Thirteen states, and one U.S. territory, turn out Tuesday to pick the presidential candidates they’d prefer to see square off in November. What better time to go beyond the polls and endorsements to survey the top education issues affecting the millions of voters across these regions:
Taken together, our Super Tuesday survey is a mosaic of education triumphs, missteps, innovations and crises.
Some states stand out for recent education victories. Arkansas’ decision to become the first state to require computer science courses in public high schools has been widely hailed; in Colorado, Denver Public Schools have been ranked first among large school districts in offering parents school choice via the SchoolMatch system; and school choice advocates in Massachusetts say the widespread success of Boston’s charter schools are proof that the state should lift its existing charter cap.
Minnesota has been in the news recently due to a segregation lawsuit that claims the state’s charter schools — many of which deliberately serve specific communities — are making classroom integration impossible. Oklahoma’s severe teacher shortage — and the state’s decision to fill classrooms by doubling its number of emergency teacher certifications over the last year — has made national headlines. Tennessee seemed on track to approve vouchers for poor families until the legislation surprisingly stalled in the legislature earlier this month.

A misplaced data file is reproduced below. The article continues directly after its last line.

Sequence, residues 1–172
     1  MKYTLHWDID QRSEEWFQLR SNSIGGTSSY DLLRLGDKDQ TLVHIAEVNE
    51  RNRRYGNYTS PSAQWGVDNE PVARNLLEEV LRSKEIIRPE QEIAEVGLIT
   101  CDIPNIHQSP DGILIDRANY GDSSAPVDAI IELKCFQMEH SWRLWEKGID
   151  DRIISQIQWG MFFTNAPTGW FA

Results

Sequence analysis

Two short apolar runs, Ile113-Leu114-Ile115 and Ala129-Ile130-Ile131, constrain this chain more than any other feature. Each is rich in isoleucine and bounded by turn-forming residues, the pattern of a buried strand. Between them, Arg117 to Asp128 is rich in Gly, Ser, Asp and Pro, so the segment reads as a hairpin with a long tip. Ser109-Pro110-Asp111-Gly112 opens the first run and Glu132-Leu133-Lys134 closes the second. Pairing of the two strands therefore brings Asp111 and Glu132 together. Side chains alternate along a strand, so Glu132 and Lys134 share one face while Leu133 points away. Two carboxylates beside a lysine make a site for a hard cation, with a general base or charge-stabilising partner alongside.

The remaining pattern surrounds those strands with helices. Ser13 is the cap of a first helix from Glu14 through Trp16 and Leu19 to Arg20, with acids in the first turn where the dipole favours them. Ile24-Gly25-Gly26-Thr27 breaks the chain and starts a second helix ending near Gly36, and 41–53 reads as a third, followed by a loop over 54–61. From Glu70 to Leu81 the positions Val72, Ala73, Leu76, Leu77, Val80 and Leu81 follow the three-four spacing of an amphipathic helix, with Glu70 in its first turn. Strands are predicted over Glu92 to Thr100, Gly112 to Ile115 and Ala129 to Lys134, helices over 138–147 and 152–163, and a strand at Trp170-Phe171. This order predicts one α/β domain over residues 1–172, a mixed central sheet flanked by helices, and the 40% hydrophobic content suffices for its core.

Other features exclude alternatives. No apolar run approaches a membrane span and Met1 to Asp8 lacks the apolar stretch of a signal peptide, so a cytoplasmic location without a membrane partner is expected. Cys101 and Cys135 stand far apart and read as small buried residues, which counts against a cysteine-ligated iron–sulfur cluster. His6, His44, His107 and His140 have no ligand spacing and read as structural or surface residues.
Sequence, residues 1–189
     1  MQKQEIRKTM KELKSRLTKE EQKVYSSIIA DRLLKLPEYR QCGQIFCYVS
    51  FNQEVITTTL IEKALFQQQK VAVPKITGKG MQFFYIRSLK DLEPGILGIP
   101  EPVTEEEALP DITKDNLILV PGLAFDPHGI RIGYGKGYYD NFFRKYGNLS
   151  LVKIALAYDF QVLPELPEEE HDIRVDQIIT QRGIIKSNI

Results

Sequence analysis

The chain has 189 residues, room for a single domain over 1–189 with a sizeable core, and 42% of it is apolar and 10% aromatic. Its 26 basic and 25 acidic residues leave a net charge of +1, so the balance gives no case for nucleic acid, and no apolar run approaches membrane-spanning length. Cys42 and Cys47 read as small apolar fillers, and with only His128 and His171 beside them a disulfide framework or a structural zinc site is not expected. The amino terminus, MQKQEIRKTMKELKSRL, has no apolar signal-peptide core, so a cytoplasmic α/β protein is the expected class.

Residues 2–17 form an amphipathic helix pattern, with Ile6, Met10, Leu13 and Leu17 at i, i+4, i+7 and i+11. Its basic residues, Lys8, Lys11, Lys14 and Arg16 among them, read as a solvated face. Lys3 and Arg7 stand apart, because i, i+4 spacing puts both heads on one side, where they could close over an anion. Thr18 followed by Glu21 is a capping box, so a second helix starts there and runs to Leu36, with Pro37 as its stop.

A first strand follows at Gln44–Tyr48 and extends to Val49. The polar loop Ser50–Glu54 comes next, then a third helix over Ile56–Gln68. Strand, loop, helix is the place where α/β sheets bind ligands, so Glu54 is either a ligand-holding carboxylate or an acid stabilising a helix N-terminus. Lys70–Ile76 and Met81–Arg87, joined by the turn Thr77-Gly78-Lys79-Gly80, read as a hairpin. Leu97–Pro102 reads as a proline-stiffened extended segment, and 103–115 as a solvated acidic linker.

And, as always, school funding is a big issue almost everywhere. A new study says Virginia never altered its school funding formulas after the Great Recession, and that as a result schools are now underfunded annually by $800 million. Vermont lawmakers are trying to maintain education funding by getting creative with property tax calculations. Their new idea: Calculate property taxes using owner income, not property value.
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How South Carolina floods classrooms with technology
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